BY: I'm looking forward to it.
GM: I can't believe that Karen Berger is going to allow us to do it. They say nothing. Nothing at all.
BY: I'm expecting it to get worse. There's a certain debate about Feely's sexual persuasion, on Barbelith anyway, and it seems likely that you're wanting the reader to identify with an extremely- or a despicable human being and feel strong emotions for this person and then be really let down.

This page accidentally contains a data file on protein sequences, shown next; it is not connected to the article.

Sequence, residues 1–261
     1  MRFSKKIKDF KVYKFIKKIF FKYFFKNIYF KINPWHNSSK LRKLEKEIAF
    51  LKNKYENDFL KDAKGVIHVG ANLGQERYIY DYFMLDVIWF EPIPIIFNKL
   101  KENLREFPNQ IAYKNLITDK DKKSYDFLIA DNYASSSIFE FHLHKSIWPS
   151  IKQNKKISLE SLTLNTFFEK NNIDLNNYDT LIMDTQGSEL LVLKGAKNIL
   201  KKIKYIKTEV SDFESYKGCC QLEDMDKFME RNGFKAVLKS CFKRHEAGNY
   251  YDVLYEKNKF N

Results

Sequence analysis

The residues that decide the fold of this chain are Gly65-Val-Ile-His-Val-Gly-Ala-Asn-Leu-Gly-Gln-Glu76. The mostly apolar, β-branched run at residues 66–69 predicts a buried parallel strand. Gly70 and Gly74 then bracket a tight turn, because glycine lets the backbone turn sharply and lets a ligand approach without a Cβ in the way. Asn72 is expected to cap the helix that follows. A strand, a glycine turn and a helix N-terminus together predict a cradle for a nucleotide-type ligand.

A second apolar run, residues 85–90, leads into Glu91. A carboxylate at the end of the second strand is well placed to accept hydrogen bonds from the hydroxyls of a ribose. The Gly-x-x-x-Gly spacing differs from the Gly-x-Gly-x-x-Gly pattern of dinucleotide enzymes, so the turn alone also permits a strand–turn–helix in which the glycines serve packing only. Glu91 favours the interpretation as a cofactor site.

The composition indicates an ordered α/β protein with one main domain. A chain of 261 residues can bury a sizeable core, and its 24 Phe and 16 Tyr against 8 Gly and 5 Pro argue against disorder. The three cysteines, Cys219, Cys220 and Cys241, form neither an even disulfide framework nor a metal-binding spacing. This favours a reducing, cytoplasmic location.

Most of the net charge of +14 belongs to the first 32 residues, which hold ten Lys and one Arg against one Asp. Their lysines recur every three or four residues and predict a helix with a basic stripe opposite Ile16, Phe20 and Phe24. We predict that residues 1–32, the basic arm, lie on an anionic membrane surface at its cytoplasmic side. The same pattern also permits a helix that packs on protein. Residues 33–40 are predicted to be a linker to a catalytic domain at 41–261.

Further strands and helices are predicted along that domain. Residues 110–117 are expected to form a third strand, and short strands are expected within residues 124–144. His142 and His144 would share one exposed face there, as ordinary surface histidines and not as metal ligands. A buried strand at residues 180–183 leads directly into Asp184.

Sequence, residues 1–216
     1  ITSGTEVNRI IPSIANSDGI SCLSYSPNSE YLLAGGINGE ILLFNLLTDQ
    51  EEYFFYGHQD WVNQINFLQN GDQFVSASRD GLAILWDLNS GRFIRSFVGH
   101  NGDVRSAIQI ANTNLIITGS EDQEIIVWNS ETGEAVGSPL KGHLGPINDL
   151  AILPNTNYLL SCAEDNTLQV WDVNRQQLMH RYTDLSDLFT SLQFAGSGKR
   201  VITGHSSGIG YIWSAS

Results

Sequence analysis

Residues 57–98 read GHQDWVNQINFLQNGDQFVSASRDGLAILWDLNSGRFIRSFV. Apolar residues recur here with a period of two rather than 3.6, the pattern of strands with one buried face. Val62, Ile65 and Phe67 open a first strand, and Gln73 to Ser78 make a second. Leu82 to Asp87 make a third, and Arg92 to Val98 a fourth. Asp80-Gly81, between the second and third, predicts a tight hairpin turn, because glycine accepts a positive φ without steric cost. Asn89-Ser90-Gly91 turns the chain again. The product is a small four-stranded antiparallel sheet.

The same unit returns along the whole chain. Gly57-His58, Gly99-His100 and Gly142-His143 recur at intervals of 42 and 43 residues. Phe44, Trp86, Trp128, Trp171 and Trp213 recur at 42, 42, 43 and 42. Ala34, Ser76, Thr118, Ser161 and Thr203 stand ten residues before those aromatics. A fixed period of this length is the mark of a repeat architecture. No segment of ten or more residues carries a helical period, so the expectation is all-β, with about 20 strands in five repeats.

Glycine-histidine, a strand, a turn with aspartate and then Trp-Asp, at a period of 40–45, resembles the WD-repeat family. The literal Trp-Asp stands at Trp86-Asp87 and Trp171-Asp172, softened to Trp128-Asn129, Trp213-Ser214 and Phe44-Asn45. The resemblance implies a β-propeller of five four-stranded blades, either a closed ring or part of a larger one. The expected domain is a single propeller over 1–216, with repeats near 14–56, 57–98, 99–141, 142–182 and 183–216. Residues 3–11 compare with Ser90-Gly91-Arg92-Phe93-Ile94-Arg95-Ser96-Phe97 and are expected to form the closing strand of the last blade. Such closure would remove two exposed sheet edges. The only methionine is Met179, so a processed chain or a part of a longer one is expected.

GM: I already did that in The Mystery Play.
BY: I haven't actually read The Mystery Play.
GM: So that's that story.
BY: Oh. You've spoilt it now.
GM: (laughs)
BY: So that's not what we've to expect then?
GM: You can expect...things.
BY: We're not going to be sodomised and left spent hanging over a radiator?
GM: It's quite different. Quite strange. It goes off at lot of tangents.